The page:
Not everywhere needs to be a polder, mystical or otherwise, but they can be helpful, and aren’t restricted to Fantasy or Science Fiction genres.

So, do you have a favorite polder? Are there times when you’ve been frustrated when a writer got the the geography ‘wrong’? Who gets the evocation of the setting perfect every time?

Not a big thing, but a million little things

Jaime Dill, who I worked with on my submission to Byline Legacies, has recently launched Full Mood Magazine, and the first call was Modern Epistolary:

We give little textboxes permission to hook our hearts and freedom to dictate our physical reality. We differentiate between what’s online and what’s “real life,” but are they really so separable? I want to see where the worlds blend. Give me your awkward work emails, your scandalous DMs, your wildest “new number, who dis?” I want to see the conversations that shake up the day, the past, and everything that’s coming next. Unlock the password and let me snoop around in the secrets on screen.

Jaime Dill, EIC Full Mood Magazine

The timing wasn’t great, but when is it? So I bashed this out in the last few hours before the submission window closed. Jaime was kind enough to say she liked it, but as it didn’t quite fit with the Mood she was aiming for, she passed. Which is why I thought I’d share it with you today. It’s a bit of an experiment…


Hey Bets, soz – I know it’s been a while. Been so busy with the village’s Platinum Jubilee celebrations and Mum and Dad’s Golden Wedding, I really haven’t had a moment to call my own.  You ok?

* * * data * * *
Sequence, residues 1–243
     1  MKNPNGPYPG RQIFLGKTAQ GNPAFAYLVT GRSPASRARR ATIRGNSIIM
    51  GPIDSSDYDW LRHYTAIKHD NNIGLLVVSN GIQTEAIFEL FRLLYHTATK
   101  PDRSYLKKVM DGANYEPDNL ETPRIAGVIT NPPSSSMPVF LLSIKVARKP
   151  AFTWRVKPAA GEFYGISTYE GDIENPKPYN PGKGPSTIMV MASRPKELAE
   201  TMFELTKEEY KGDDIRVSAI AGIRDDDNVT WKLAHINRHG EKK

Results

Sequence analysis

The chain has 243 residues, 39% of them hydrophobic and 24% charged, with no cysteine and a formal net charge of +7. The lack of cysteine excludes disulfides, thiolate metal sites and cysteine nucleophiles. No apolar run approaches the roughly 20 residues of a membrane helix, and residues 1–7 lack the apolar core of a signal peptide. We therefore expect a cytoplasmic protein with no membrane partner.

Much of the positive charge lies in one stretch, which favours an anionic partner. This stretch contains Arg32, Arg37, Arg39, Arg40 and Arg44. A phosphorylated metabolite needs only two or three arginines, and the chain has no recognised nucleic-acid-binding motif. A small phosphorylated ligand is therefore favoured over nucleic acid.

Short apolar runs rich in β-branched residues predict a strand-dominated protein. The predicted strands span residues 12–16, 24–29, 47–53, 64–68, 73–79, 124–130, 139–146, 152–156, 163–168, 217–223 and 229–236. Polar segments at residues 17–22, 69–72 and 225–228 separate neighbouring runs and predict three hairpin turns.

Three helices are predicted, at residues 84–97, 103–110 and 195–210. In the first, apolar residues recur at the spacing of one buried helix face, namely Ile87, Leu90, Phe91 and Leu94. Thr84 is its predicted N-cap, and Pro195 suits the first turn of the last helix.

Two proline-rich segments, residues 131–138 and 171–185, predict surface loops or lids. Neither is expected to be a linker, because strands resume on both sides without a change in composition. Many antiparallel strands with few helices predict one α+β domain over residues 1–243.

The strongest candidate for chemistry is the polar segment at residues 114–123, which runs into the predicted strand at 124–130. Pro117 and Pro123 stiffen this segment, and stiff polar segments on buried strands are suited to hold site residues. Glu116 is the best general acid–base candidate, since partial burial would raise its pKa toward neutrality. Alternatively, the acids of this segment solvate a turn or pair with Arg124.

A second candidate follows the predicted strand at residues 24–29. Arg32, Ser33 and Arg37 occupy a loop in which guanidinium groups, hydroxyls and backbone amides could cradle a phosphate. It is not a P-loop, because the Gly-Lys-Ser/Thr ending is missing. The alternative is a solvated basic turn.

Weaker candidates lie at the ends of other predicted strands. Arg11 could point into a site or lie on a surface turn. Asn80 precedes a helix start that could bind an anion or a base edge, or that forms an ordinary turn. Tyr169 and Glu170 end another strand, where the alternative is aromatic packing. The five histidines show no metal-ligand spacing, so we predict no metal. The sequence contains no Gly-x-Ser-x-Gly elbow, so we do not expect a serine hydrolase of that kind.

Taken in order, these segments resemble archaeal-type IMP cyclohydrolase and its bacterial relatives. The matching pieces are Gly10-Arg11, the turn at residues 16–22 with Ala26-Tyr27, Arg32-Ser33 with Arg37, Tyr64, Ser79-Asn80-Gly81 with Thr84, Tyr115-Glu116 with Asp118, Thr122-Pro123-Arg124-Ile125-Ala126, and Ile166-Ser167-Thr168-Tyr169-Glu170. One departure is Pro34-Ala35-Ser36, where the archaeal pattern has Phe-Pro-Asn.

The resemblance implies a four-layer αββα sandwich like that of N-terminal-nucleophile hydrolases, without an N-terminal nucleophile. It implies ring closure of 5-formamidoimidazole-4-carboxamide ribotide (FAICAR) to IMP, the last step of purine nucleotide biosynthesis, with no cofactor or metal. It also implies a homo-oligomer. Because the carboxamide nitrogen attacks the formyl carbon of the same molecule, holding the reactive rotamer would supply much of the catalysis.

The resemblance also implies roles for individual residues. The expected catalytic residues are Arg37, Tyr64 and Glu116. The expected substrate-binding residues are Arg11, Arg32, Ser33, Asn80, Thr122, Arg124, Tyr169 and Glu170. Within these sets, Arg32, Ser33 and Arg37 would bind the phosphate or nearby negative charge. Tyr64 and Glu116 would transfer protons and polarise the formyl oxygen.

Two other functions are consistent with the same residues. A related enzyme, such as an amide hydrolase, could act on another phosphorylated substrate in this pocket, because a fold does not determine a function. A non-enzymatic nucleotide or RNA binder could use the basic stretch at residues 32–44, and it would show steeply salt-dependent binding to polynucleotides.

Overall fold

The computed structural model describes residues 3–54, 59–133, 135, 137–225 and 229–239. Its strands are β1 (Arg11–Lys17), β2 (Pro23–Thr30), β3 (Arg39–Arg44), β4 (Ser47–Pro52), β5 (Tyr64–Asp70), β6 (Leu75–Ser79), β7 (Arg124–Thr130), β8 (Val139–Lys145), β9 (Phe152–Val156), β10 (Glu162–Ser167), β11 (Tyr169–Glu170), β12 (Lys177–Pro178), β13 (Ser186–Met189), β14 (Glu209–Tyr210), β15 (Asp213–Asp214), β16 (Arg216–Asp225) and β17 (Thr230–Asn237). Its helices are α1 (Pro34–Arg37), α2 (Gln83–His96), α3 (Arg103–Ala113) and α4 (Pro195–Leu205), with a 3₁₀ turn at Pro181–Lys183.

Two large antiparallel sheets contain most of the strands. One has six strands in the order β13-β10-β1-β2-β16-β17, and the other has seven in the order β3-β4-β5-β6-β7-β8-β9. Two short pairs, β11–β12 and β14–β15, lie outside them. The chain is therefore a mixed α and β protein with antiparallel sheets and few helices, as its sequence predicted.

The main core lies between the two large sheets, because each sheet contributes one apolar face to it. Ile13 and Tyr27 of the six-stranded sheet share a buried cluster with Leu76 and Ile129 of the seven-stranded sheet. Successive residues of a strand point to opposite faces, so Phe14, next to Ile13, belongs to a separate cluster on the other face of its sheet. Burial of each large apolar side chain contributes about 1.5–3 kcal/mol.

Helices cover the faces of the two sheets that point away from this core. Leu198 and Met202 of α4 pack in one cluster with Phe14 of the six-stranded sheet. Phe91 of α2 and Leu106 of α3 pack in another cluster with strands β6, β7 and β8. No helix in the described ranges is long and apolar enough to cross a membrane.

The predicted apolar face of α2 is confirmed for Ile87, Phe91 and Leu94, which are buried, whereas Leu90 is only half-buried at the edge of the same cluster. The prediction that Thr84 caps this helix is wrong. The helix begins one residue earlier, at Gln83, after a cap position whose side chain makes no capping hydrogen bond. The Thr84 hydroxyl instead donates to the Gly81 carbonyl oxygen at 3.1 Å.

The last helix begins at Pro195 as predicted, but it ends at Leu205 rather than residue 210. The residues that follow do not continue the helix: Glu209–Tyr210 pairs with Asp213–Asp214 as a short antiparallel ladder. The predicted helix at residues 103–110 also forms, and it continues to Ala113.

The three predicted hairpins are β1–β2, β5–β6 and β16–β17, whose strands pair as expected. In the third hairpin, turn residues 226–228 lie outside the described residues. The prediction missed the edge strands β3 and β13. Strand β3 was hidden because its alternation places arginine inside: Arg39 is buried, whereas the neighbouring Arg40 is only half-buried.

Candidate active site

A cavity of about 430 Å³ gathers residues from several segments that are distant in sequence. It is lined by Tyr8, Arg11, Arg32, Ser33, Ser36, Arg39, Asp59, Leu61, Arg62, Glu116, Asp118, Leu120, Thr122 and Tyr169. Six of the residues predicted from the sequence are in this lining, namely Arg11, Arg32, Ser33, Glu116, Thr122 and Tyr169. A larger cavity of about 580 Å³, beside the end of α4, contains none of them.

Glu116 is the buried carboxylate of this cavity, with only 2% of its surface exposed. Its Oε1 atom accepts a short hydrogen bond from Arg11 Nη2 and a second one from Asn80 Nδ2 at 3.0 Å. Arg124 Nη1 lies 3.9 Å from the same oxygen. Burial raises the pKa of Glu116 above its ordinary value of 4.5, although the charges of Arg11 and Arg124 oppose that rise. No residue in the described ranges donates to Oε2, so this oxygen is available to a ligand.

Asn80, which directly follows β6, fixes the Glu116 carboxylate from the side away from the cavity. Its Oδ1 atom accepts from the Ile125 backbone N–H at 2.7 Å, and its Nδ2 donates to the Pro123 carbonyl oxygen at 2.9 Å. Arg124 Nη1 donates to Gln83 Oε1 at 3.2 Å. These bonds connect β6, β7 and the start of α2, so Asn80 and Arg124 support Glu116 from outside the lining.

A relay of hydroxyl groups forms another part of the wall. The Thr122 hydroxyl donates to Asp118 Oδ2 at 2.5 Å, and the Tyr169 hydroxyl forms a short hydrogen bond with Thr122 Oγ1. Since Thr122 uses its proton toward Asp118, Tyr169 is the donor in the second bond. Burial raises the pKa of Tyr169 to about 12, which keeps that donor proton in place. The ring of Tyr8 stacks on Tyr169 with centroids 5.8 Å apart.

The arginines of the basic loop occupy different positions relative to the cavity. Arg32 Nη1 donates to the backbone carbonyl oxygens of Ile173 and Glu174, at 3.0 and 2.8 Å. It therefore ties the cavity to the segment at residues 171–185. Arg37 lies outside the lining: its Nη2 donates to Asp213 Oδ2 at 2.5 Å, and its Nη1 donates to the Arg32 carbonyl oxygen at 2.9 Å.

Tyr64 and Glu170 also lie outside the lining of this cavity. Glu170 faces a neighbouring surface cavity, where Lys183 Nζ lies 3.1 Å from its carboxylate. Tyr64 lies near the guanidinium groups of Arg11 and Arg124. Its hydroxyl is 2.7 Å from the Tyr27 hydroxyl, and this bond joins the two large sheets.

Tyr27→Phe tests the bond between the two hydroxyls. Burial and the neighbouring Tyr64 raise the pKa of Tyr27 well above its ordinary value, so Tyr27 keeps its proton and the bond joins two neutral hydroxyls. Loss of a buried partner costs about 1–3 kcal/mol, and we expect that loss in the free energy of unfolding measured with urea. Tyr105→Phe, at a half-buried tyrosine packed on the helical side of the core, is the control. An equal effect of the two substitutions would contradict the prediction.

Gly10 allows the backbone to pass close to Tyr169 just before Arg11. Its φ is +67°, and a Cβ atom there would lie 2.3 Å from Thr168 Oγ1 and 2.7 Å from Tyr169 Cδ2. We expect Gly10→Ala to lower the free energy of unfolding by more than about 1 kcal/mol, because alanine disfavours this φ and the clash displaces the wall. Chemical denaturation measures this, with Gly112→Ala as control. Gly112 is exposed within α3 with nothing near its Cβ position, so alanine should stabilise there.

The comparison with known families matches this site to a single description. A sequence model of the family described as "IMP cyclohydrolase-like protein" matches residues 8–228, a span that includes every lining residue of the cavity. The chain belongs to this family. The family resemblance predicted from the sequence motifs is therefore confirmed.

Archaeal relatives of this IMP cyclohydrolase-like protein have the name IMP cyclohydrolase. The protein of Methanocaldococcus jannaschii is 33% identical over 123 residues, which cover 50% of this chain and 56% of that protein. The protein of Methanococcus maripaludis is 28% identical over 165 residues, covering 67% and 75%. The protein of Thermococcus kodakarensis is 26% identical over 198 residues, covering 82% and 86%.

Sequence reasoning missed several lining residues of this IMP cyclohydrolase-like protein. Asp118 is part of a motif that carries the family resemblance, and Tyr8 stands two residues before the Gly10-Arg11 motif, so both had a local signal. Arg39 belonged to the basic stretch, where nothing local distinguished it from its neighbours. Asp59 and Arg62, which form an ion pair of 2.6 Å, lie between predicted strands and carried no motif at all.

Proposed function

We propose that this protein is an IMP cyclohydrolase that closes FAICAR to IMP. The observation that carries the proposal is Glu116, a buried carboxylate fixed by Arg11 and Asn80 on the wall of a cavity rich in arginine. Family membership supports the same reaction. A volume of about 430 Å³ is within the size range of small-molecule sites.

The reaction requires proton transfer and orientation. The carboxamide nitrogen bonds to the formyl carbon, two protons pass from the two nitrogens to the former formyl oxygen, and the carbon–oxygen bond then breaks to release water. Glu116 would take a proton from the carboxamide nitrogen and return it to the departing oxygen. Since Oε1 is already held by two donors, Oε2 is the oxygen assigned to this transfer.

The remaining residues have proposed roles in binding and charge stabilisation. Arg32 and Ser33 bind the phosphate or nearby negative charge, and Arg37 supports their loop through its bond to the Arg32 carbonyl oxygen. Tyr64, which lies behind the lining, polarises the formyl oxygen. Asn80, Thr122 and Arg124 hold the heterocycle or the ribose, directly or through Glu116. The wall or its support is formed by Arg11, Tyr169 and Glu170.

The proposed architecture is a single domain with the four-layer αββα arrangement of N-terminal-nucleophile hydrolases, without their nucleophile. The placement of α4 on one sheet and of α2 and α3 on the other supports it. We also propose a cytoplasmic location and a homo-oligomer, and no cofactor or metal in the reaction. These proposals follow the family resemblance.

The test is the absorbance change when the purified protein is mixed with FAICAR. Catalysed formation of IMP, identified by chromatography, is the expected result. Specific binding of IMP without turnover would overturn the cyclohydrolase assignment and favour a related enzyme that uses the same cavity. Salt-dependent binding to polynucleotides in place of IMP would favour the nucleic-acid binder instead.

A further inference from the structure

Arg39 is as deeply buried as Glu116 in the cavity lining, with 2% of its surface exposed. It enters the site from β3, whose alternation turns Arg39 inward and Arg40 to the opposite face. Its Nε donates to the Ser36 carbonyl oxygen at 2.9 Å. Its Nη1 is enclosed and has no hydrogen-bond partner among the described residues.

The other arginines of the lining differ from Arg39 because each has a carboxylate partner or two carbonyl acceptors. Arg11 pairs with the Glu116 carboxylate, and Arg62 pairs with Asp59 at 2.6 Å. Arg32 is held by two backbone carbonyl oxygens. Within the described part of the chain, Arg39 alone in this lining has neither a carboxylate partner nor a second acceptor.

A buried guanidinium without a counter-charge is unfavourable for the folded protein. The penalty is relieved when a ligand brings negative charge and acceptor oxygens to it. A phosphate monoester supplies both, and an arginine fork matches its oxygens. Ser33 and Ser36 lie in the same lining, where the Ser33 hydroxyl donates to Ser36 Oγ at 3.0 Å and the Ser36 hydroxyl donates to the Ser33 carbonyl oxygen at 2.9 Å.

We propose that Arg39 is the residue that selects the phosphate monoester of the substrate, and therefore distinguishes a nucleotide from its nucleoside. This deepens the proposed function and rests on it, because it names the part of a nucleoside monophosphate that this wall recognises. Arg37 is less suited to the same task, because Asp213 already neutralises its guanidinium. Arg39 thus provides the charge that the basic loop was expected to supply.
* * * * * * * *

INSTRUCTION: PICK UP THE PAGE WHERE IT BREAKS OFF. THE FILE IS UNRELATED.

Hey Roz! Beginning to think I’d said something wrong! Yeah, all good, ta.  How’d the wedding stuff go?  M&D alright? Did they enjoy themselves?

Yeah, they had a grate time.  The rest of us…not so much…

*great

Oh dear…do tell 🙂

Climbing a mountain with a gaggle of children I do not recommend. 

A mountain???

Dad proposed to Mum at the top of Helvellyn & they set their heart on renewing their vows on the exact same spot.  Madness! Neither as young as they think they are, but to be fair pretty spry and probably did the best out of all of us in the event.

They always seem so full of life, and they’re both out in the garden or on the allotment.  The rest of you…I can see how it might have been a challenge!

Ha ha I don’t think.  I might not run half-marathons but I’m fit enough thank you very much.  Mind you, Vi’s Keith seems to get bigger every time I see him – he had little beads of sweat all over his scalp just crossing the car park to the footpath.

*Snerk*

And then there were bacon sarnies for brekkie before we set off, brought to the car park by a local café that M&D like.  I might have felt a bit queasy halfway up, but Daisy looked properly green and Fizz actually puked.

Priceless!  I bet that went down well – did she have designer gear?

You know it!  Rubbed her feet raw with brand new boots that were expensively ill-fitting.

Self-inflicted – did she mange to avoid getting puke on her Armani walking outfit?

Let’s just say she’s not going to be able to exchange them.